However, LEDs have a number of drawbacks that have prevented them, so far, from being widely adopted as incandescent replacements. Among the chief of these is that, although LEDs require substantially less power for a given light output than do incandescent bulbs, it still takes many watts to generate adequate light for illumination. Whereas the tungsten filament in an incandescent bulb operates at a temperature of approximately 3000K, an LED, being a semiconductor, cannot be allowed to get hotter than approximately 120 C. The LED thus has a substantial heat problem: If operated in vacuum like an incandescent, or even in air, it would rapidly get too hot and fail. This has limited available LED bulbs to very low power (<approximately 3 W), producing insufficient illumination for incandescent replacements.

One possible solution to this problem is to use a large metallic heatsink, attached to the LEDs. This heatsink would then extend out away from the bulb, removing the heat from the LEDs. This solution is undesirable, because of the common perception that customers will not use a bulb that is shaped radically differently from the traditional shaped incandescent bulb; and also from the consideration that the heatsink may make it impossible for the bulb to fit in to pre-existing fixtures.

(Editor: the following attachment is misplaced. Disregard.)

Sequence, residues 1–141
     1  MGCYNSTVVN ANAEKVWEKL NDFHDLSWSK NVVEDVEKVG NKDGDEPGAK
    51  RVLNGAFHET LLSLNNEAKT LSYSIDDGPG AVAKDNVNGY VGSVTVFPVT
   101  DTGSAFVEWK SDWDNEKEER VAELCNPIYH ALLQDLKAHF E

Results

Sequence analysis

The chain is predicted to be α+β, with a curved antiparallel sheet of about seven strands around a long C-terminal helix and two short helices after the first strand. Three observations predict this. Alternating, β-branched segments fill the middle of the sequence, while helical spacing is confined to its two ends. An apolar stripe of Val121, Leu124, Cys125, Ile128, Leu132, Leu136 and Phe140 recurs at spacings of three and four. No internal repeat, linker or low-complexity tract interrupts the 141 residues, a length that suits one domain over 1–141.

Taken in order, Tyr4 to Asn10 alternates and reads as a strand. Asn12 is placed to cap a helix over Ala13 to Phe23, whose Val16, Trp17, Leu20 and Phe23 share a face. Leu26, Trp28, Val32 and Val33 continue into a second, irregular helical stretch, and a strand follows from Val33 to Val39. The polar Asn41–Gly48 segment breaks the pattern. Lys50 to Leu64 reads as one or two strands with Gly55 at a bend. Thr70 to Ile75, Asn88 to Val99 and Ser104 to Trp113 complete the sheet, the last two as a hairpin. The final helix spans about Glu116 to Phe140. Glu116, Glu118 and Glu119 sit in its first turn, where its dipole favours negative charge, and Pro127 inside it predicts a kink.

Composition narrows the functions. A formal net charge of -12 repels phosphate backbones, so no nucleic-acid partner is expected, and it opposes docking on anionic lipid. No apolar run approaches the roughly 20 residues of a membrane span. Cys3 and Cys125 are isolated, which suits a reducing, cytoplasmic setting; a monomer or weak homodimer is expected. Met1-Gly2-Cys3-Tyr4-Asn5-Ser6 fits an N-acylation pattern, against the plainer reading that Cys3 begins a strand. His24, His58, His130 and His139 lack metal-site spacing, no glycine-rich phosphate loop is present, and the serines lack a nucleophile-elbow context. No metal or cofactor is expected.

More recently, a means for cooling LEDs in light bulbs have had the LEDs immersed in a fluid, a gel or a plastic (PCT/US07/10470 and PCT/US07/10469). The fluid, gel or plastic provides a high thermal conductivity path from the LED heat sources to the bulb's surface and the ambient.

In some cases, however, the thermal conductivity of the fluid, gel or plastic may still not be high enough to maintain the LEDs at their desirable operating temperature. This is true especially when using individual high-power LEDs as opposed to using many low-power LEDs. For these applications, then, it would be desirable to find a material that had even higher thermal conductivity or could be combined with these materials to achieve higher thermal conductivity, but that at the same time maintained the desirable characteristics of the fluid, gel or plastic, that is, low optical loss, and potentially electrical insulation.